By: NPR Staff
(Watch the full story on the next “Behind the Minds,” airing in March!)
We often hear about school districts that struggle with high poverty, low test scores and budget problems. But one district has faced all of these and achieved remarkable results.
In just over three years, Superintendent Tiffany Anderson, who oversees the Jennings School District in Jennings, a small city just outside St. Louis, has led a dramatic turnaround in one of the worst-performing systems in Missouri.
Anderson has embraced a holistic approach to solving the problems of low-performing students by focusing on poverty above all else, and using the tools of the school district to alleviate the barriers poverty creates.
“We serve the whole child,” Anderson tells NPR’s Michel Martin. “The leverage point for me is the school system.”
The school district of 3,000 students has taken unprecedented steps, like opening a food pantry to give away food, a shelter for homeless students and a health clinic.
“My purpose is to remove the challenges that poverty creates,” she says. “You cannot expect children to learn at a high level if they come in hungry and tired.”
That unconventional approach has had big results. When Anderson took over in 2012, the school district was close to losing accreditation. Jennings had a score of 57 percent on state educational standards. A district loses accreditation if that score goes below 50 percent.
Two years later, that score was up to 78 percent, and in the past year rose again to 81 percent, Anderson says. She points to a 92 percent four-year graduation rate, and a 100 percent college and career-placement rate.
Anderson is quick to give credit to the entire community for the improvement. “No one person can do this,” she says. “The staff, the teachers, the board … have worked together collectively to demonstrate that our kids can exceed at very high levels.”
Anderson talks of “removing barriers” like the barrier of hunger. The district has a food pantry that gives out 8,000 pounds of food each month. Between 200 and 400 families are getting food from the schools, she says.
And health care: “If a child breaks an arm, come to school, we have a pediatrician there,” Anderson says. Students who would otherwise have had to travel long distances to see a doctor can now stay in school.
Through a partnership with Washington University in St. Louis, a clinic opened in Jennings Senior High School this year. In addition to medical care, the clinic offers “mental health counseling, case management and wellness education,” according to the university.
The newest effort is Hope House, which opened in November. The school office building was vacant, and “I don’t think schools should sit vacant,” Anderson says, so they refurbished the house. The foster home now houses at least eight children, with foster parents from the community, according to the school district. One house resident, formerly homeless 17-year-old Gwen McDile, told The Washington Post that since she’s moved in, “I’ve eaten more in the last two weeks than I’ve eaten in the last two years.”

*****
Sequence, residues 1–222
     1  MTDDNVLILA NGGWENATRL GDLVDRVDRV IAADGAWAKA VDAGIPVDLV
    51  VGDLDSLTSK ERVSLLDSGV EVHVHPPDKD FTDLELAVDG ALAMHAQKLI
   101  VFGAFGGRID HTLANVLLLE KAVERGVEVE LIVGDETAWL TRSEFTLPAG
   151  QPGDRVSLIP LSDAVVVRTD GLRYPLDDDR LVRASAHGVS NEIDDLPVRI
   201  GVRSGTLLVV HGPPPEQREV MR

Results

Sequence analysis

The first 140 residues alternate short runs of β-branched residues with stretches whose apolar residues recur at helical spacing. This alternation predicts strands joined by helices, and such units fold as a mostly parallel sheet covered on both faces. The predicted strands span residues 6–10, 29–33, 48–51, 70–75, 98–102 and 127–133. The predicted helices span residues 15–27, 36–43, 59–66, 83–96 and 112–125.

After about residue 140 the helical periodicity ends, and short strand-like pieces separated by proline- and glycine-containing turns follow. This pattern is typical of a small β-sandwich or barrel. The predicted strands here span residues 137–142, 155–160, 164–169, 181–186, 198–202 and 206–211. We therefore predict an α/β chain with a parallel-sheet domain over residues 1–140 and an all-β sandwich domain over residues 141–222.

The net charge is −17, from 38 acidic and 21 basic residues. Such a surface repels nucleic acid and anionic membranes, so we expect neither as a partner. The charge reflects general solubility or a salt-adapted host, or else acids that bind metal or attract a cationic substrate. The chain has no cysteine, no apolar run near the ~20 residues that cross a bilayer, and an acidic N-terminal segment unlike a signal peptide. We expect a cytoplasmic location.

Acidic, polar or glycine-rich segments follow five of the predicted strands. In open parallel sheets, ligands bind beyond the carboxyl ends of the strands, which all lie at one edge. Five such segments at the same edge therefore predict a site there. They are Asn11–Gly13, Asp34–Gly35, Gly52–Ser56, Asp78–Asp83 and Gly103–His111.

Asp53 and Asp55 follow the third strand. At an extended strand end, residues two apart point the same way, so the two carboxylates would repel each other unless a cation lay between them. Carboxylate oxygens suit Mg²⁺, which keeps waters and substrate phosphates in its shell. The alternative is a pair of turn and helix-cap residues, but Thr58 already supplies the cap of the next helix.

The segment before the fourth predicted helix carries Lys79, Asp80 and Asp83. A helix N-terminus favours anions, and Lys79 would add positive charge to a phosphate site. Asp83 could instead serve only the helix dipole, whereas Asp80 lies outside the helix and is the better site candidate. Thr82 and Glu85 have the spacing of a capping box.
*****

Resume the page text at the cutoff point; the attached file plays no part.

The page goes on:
There’s more: washers and dryers in schools, free to use in exchange for one hour of volunteering; free groceries at parent-teacher organization meetings; parenting classes.
In addition to her efforts to remove barriers to students and families, Anderson wants teachers to think differently about how they approach problems in the classroom.
Anderson says training in dismantling racism is one of the first trainings for teachers in districts where she has worked. There’s also equity training. She recently placed many teachers in poverty for a week in a simulation. And all staff in the school district will soon have training to deal with trauma and how to defuse tense situations.
Part of the funding for these efforts comes from donations from Jennings residents and many local businesses. But for programs like these to continue, “we’re going to have to have buy-in from a lot of people, inside and outside of Jennings,” Anderson says.
The district still has a lot to improve upon. As the Post noted, “just 36 percent of the graduates in 2015 scored high enough on the ACT, SAT or similar tests to meet Missouri’s definition of ‘college and career ready.’ ”
But Anderson largely ruminates on the positive, of what can be done, rather than the roadblocks along the way.
In 2016, she’s weighing the possibility of adding dental care to the services in schools, while continuing to grow and improve existing programs and academic performance.
“In Jennings we changed how we served people. We see ourselves in their shoes. What happens to them matters because what happens to them affects me,” Anderson says. “That’s a whole different way of thinking, and inspires people to do more.”